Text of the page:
Louis Armstrong During The Harlem Renaissance

The Harlem Renaissance was an African American culture during the 1920s. It embraced music, theatrical and visual arts. The artist of this time wanted to avoid the moral values that brought shame about their ethnicity, seen by the whites. This included the movement of the Great Migration of African Americans from rural South to cities in the North. African Americans wanted to build a new setting for themselves in a public life as well as political and economical to create a black urban culture.

Louis Armstrong was an African American musician who had a huge impact on jazz and is one of the most significant artist during the Harlem Renaissance. He was a trumpet player, singer, and an entertainer. His career started in his youth by playing in many different bands. By 1929, he became famous and was a huge influence throughout the music world.

Armstrong was born in New Orleans on August 4, 1901. When he was born, his father William Armstrong abandoned him and his family while his mother Mayann worked as a part time prostitute to provide for the family. His grandmother raised him in a dangerous neighborhood called “The Battlefield”. During his childhood he didn’t get much education. He only had up until 5th grade education. He had to dropout of school early in order to go to work. He sang in the streets for money and worked for a jewish family. As he got older, he got interested in music. He played in many bands as well as moved around numerous times. He learned many other musicians such as Buddy Petit, Kid Ory, and Joe Oliver. He decided to moved to Chicago in 1922 to join his advisor Oliver’s Creole Jazz band. In 1924, he left Oliver to join Fletcher Henderson’s Orchestra for a better profession. Then he moved to Los Angeles in 1930 to play at the New Cotton Club.

He had many major accomplishments throughout his career. In 1936, he got into films. He played a band leader in the motion picture ‘Pennies from Heaven’. Then he became the first African American to be featured in a major Hollywood movie. He is also the first African American jazz player to be on the cover of Life magazine. Not only was he the first African American to be featured in a Hollywood movie and to be on the cover of a Life magazine, but his most famous work was throughout the 1940s and 1950s. He released hits such as ‘Blueberry Hill’, ‘That Lucky Old Sun’, ‘La Vie en Rose’ and ‘I Get Ideas’. His fame increased and went on world tours that sold out. He performed in Europe, Africa, and Asia. In 1954, he released one of his masterpieces, ‘Louis Armstrong Plays with Handy’. In 1967, his single ‘Wonderful World’ was number one in Austria and the UK. His single reached top ten in Denmark, Belgium, Ireland, and Norway. He got awarded Grammy Lifetime Achievement Award in 1972 by the Academy of Recording Arts and Sciences.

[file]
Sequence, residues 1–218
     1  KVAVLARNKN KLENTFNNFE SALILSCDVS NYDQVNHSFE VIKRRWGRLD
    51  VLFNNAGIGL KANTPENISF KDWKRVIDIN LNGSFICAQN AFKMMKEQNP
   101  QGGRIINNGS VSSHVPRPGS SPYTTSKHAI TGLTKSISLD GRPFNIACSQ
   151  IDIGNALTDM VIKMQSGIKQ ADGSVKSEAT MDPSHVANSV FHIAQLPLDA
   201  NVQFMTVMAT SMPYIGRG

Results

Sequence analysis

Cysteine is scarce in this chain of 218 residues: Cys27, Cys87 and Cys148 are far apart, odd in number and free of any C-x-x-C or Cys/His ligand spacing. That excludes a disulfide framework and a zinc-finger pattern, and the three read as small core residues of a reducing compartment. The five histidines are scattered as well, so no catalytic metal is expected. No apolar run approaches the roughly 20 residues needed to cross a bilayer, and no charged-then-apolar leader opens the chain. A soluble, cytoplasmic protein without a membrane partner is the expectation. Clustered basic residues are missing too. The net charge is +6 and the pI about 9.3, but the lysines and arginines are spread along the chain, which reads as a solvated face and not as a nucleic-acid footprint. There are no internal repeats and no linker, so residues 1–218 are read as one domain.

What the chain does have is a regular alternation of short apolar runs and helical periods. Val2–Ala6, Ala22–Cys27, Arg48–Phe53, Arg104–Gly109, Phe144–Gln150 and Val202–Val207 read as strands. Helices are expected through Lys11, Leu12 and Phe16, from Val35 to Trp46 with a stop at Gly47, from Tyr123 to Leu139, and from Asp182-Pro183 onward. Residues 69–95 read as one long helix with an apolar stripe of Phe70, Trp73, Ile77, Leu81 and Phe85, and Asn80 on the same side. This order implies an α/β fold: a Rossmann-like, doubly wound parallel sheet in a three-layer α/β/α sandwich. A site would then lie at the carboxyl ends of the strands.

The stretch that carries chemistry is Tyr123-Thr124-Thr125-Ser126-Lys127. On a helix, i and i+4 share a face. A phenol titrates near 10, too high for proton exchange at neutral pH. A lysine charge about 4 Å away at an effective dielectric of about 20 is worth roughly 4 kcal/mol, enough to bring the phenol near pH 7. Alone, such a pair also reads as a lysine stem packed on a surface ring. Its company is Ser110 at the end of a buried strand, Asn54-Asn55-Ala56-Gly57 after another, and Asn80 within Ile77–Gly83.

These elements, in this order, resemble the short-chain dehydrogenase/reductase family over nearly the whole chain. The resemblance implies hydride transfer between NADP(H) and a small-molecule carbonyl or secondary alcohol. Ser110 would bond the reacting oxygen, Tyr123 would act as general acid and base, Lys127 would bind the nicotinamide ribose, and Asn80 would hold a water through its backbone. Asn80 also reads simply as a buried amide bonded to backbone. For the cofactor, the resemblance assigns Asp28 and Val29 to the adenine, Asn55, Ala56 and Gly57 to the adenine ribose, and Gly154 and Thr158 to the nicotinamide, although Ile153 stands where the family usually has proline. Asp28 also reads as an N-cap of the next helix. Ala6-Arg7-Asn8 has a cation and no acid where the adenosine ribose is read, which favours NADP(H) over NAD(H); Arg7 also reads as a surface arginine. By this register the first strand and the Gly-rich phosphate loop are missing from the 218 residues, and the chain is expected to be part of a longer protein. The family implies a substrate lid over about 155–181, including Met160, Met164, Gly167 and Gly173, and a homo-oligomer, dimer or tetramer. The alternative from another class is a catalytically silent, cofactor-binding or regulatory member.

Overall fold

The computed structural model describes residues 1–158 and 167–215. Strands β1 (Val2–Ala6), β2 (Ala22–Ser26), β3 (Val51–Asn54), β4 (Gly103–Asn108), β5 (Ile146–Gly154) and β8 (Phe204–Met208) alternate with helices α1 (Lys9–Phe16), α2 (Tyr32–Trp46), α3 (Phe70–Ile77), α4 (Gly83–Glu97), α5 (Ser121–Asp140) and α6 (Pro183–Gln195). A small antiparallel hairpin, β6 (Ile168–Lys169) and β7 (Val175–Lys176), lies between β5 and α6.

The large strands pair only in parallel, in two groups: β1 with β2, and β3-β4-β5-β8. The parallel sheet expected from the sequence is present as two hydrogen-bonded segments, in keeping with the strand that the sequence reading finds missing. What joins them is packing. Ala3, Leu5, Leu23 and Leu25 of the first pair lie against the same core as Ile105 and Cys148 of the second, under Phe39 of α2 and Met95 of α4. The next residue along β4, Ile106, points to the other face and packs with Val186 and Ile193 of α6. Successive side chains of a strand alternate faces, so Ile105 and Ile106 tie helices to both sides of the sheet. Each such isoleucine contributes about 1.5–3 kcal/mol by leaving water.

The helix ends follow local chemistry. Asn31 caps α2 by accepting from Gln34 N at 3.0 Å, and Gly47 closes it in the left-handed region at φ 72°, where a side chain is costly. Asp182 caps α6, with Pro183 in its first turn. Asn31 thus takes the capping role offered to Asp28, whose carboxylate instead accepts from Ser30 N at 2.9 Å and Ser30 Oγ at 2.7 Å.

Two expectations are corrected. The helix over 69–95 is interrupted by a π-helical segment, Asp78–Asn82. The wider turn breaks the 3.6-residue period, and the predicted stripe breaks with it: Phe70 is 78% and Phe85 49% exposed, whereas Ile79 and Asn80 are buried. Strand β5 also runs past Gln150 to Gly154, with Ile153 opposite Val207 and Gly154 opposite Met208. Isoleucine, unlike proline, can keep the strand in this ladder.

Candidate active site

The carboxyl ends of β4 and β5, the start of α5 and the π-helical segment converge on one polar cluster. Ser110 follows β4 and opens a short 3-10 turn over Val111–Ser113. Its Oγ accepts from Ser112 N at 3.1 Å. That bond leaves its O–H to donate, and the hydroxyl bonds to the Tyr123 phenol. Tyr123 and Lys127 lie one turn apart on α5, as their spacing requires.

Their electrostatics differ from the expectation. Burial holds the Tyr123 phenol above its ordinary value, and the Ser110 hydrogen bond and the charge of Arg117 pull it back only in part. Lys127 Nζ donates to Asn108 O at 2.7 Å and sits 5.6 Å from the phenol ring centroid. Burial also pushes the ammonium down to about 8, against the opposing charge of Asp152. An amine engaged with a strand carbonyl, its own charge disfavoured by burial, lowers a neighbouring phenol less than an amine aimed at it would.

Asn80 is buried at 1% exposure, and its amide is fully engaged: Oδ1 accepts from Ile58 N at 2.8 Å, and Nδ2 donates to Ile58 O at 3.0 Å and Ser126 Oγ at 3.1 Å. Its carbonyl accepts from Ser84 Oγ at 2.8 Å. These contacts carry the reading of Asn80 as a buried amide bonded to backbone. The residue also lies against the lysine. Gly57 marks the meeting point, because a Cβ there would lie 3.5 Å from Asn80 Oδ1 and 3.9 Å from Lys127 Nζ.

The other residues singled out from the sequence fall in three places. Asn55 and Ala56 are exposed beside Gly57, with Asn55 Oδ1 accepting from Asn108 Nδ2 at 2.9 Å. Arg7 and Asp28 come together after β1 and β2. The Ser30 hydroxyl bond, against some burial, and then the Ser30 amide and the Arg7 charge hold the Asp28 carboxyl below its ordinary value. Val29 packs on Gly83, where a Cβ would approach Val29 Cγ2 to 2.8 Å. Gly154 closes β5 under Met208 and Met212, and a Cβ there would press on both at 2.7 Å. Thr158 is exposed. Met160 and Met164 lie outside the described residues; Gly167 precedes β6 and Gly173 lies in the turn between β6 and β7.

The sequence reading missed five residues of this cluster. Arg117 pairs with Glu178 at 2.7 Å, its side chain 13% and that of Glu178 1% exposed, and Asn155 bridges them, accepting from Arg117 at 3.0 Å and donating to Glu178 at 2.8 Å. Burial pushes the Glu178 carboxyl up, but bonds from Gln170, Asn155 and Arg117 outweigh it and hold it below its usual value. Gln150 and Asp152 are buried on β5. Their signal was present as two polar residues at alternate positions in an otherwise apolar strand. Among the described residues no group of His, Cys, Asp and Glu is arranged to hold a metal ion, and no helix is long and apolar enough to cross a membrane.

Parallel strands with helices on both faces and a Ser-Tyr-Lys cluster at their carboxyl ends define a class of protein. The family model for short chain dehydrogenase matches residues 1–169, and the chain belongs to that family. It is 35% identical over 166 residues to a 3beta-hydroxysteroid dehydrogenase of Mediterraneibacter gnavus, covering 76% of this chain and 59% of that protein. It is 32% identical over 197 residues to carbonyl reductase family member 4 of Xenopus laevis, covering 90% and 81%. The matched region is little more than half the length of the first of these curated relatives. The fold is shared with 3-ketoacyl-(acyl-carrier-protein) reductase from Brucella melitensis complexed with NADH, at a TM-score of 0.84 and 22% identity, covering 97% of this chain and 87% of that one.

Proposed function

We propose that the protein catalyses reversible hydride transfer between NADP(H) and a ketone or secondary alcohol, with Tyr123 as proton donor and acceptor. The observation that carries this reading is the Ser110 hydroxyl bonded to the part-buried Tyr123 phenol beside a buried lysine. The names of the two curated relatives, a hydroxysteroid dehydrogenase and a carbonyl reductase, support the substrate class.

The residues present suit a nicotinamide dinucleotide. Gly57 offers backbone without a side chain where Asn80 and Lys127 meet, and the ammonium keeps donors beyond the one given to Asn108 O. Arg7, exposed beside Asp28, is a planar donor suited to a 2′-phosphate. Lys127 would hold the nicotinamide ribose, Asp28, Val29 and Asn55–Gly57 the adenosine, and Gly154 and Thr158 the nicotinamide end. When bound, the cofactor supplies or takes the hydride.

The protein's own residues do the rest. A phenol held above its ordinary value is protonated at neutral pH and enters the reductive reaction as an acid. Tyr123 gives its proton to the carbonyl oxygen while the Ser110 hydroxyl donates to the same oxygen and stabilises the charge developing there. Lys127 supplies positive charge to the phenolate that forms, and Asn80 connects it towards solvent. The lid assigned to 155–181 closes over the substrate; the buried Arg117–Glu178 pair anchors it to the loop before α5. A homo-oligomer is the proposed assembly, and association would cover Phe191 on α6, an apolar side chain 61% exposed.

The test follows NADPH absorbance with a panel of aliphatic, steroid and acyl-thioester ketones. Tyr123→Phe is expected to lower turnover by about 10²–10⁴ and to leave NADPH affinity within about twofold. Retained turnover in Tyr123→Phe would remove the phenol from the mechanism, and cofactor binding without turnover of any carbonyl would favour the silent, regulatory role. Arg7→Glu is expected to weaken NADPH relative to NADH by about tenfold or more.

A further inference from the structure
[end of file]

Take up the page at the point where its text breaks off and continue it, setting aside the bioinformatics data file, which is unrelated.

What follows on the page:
In his life he had been faced with challenges. Challenges including Satchmo’s Syndrome from playing with a lot of force that split his lip wide open and suffered from painful scar tissue. He dealt with this hardship on his own. He removed the calluses himself using a razor blade but in the long run, he struggled to hit high notes.

Through the hardship, that didn't stop him from playing and making impact on future generations. Through his playing of the trumpet, it became a solo instrument in jazz used today. Jazz has been transformed to a soloist art form through his influence. He’s also influenced people in today’s generation. He influenced someone like John Birks Gillespie. Gillespie explained that Armstrong’s playing is the base of his own music. In the summer of 2002, in the memory of the centennial of Armstrong’s birth, New Orleans main airport was renamed Louis Armstrong’s New Orleans International Airport.

Louis Armstrong was a famous jazz musician who has impacted many people in the music world. Even through the hardships with family, school, and problems with his lips, he still managed to make many accomplishments. He has made top hits with some of his released music. He’s even influenced the way people see jazz and influenced other musicians. He is one of the most recognized musicians still today.

31 October 2020
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